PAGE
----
T-shirts are the most popular item of personalised clothing people have owned (66 per cent), followed by hoodies or sweatshirts (46 per cent) and polo shirts (44 per cent). Current trends for tee designs were revealed as logos, both on the front (42 per cent) and back (34 per cent), spreading awareness of social or environmental causes (37 per cent) and band emblems (37 per cent).
But tie-dye (36 per cent), pockets (23 per cent) and song lyrics (20 per cent) on T-shirts are styles of the past according to those polled.
When it comes to accessories, customised caps (37 per cent) and tote bags (30 per cent) are widely owned. Reasons for having ever owned personalised items were for events such as a hen party (50 per cent), for work (45 per cent) and to support a small business (27 per cent).
Occasions Brits have bought or worn such items for included holidays (22 per cent), birthday parties (20 per cent) and music festivals (19 per cent). Others made the purchase simply to represent their personality (32 per cent).
More than a third (35 per cent) are willing to spend more money on customised clothing, because it’s unique (48 per cent) and evokes memories (39 per cent). When it comes to age, the younger demographic is more accustomed to owning personalised apparel – with 76 per cent of 18 to 24 years old and 68 per cent of 25- to 34-year-olds doing so.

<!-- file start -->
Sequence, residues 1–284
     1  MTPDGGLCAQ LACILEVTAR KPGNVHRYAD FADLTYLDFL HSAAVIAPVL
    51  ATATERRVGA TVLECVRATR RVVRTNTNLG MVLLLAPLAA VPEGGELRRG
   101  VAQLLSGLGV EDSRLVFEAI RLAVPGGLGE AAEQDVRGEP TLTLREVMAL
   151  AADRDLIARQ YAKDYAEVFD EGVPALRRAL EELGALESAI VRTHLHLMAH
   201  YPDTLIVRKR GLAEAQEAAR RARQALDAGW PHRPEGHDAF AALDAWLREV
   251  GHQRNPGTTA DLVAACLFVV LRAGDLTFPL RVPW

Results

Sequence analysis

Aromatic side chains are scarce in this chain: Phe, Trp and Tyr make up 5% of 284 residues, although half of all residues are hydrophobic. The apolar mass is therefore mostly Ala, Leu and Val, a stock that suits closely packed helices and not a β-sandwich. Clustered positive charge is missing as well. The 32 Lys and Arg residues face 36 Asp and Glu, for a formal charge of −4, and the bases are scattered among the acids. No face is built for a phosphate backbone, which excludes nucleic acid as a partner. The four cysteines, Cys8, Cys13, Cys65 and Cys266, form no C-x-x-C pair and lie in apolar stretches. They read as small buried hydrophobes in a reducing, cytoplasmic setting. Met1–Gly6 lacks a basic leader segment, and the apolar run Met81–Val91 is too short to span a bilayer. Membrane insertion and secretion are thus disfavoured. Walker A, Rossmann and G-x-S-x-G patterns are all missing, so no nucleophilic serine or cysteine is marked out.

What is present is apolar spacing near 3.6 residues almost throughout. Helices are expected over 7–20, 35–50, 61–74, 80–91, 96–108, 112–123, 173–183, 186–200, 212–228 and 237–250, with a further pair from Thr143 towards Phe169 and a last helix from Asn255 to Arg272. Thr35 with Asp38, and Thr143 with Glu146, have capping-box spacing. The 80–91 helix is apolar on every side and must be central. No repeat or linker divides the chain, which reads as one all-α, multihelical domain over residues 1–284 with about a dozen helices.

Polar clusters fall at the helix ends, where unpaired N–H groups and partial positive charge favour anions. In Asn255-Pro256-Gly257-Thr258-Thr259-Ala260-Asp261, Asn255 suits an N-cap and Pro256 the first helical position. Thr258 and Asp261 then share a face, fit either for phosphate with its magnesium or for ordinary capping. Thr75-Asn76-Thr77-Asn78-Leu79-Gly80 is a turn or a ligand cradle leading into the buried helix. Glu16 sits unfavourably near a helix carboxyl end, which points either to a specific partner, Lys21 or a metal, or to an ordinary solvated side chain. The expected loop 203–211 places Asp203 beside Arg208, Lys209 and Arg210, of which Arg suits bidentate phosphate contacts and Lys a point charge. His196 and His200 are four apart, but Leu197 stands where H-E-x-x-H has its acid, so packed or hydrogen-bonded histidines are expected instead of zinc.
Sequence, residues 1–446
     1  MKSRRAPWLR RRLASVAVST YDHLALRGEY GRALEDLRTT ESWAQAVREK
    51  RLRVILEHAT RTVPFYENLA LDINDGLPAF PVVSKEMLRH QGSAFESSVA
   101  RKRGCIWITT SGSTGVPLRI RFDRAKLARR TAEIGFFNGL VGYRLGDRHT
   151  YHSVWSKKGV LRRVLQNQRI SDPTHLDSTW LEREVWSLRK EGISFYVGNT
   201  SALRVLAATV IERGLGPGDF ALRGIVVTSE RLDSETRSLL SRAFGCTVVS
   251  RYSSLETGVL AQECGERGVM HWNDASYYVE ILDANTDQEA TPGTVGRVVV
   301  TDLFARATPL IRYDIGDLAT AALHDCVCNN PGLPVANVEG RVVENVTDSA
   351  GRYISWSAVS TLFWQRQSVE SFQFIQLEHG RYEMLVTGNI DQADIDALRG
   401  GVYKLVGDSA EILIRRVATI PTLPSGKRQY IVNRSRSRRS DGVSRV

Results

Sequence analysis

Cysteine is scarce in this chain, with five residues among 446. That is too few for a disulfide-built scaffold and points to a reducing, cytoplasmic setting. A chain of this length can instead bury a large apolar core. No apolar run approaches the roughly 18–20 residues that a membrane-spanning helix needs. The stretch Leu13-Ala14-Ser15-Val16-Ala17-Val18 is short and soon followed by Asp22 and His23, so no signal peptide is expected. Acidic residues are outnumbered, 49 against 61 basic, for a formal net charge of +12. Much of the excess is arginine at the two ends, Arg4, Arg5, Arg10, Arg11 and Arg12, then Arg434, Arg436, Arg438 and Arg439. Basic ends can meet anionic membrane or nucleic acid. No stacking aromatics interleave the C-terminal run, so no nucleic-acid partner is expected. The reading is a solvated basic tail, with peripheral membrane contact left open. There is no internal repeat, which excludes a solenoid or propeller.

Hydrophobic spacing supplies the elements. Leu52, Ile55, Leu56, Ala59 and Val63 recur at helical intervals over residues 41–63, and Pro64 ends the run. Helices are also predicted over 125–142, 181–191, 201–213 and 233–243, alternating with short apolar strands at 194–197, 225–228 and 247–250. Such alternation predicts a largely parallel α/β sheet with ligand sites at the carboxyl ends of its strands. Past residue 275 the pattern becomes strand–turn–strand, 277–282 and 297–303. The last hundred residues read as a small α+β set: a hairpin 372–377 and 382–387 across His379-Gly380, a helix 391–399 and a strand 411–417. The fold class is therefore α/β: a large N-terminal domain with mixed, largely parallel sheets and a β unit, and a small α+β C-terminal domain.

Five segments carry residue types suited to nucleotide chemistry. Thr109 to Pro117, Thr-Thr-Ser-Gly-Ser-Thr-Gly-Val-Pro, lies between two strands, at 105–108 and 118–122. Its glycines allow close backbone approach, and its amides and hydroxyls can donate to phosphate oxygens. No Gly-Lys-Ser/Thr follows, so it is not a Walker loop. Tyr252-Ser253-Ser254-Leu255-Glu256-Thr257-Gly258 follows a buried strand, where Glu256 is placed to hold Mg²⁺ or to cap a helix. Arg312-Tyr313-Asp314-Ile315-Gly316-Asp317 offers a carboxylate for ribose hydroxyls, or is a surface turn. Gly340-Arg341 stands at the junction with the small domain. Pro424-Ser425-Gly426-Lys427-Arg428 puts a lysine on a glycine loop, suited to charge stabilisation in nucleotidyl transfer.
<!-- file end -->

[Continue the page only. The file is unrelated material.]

A fifth of all respondents agreed they’re more likely to remember a business if employees wear branded apparel and if they owned a business 34 per cent would sell labelled merchandise. Of those polled via OnePoll who are employed (66 per cent), half of them agreed having a customised uniform would make it easier and quicker to get ready for work and 38 per cent would be proud to wear apparel representing their employer.
Llorenç Sola, general manager at VistaPrint promotional products, apparel and gifts business division, said: “Customers and businesses alike deserve to represent themselves in any variety of ways, from celebrating occasions, selling merch, or making staff look good and consistent.